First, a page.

Governor Kelly and KDHE Ask Kansans to Use Antibiotics Wisely

Topeka, KS–

Governor Laura Kelly proclaimed Nov. 18-24 as Use Antibiotics Wisely Week in Kansas. The Kansas Department of Health and Environment (KDHE) is asking health care providers and Kansans to use antibiotics wisely to help protect them from the growing threat of antibiotic resistance (AR). This weeklong observance led by the Centers for Disease Control and Prevention (CDC) promotes awareness of AR and the importance of appropriate antibiotic prescribing and use across the United States.

“Overuse and misuse of antibiotics has resulted in some bacteria developing resistance to these important medications. We all have a part to play in ensuring the proper use of antibiotics,” said Dr. Joan Duwve, State Health Officer at KDHE. “Using antibiotics only when appropriate and as they are prescribed will help prevent the development of new antibiotic-resistant bacteria, further protecting all Kansans.”

Antibiotic awareness does not mean stopping the use of antibiotics; it means improving the way antibiotics are prescribed and used — only when necessary and appropriate.

Since the 1940s, antibiotics have been used to treat patients with bacterial infections, significantly reducing the number of related illnesses and deaths. But now, more than 75 years later, antibiotics have been overused and misused to the point that the bacteria the antibiotics are designed to kill have adapted to them, making the drugs less effective, according to the CDC. In fact, some organisms have become so resistant that there are almost no medications that can successfully treat the infections.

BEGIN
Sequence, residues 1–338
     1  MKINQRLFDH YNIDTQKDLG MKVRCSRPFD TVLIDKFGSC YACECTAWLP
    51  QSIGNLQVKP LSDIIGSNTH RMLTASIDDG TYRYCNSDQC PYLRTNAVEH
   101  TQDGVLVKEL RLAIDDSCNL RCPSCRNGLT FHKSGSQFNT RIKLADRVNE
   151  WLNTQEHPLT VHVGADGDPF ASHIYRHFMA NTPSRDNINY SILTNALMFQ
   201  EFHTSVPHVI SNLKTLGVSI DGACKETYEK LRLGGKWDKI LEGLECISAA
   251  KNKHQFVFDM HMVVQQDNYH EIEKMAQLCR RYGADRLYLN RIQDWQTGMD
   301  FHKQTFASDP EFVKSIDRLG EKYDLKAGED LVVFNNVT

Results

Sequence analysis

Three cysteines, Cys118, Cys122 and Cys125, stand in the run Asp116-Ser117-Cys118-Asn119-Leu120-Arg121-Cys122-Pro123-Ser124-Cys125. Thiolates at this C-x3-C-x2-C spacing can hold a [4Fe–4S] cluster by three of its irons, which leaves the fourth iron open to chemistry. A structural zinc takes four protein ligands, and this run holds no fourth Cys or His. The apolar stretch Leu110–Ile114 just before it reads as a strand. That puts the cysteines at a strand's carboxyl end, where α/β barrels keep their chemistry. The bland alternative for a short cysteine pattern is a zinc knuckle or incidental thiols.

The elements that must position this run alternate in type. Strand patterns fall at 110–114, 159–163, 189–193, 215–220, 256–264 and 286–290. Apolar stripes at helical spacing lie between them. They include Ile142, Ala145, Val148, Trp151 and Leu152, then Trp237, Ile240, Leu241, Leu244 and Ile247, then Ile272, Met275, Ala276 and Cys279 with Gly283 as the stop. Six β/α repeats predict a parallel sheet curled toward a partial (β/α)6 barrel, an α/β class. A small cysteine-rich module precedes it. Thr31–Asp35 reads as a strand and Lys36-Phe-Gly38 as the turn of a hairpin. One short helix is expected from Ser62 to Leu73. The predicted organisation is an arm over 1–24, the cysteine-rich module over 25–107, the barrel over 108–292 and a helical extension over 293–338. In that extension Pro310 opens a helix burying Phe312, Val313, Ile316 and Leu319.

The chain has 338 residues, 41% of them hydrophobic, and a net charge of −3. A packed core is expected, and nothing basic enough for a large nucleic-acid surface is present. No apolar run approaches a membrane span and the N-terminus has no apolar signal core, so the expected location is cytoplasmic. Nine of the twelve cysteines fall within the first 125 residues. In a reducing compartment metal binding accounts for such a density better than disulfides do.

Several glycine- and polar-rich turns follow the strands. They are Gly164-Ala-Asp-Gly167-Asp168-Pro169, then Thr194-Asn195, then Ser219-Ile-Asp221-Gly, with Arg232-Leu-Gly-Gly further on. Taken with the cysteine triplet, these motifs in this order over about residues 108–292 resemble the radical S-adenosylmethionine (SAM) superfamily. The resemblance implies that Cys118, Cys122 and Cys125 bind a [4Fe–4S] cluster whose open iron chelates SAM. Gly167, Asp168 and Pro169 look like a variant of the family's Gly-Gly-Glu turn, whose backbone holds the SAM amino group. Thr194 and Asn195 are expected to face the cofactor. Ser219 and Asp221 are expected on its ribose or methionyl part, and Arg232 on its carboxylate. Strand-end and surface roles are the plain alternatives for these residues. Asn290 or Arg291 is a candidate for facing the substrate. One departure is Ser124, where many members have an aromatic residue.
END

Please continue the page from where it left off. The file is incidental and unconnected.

The CDC finds that more than one-third of all antibiotics prescribed or otherwise used in the U. S. are either not needed or do not match the germ. Antibiotics are not effective for viruses, such as colds, most sore throats and many sinus infections.

Duwve adds, “Antibiotic resistance is a major threat to both individual and public health because it reduces our options for effective treatments for bacterial infections and limits the tools healthcare providers have to fight life-threatening infectious diseases.”

Each year, more than 2.8 million people in the United States contract AR infections and more than 35,000 of those people die. Kansas is the 10th highest antibiotic prescribing state with 882 antibiotic prescriptions per 1,000 population, and the 11th worst in the nation for implementing antibiotic stewardship programs in our hospitals. Antibiotic stewardship (AS) is the effort to improve prescription and use of antibiotics. It is critical that health care providers include AS in their practice and that everyone becomes stewards of appropriate use.

Here are ways Kansans can help:

  • Wash your hands. This is one of the best ways to prevent or stop the spread of infections.
  • Do not request that your doctor prescribe antibiotics.
  • Antibiotics may have side effects. When your doctor says you do not need an antibiotic, taking one may do more harm than good.
  • Only take antibiotics that are prescribed for you and take the whole course as described. Do not share or use leftover antibiotics. Antibiotics treat specific types of infections. Taking the wrong medicine may delay correct treatment and allow bacteria to multiply.

To learn more about antibiotic resistance,

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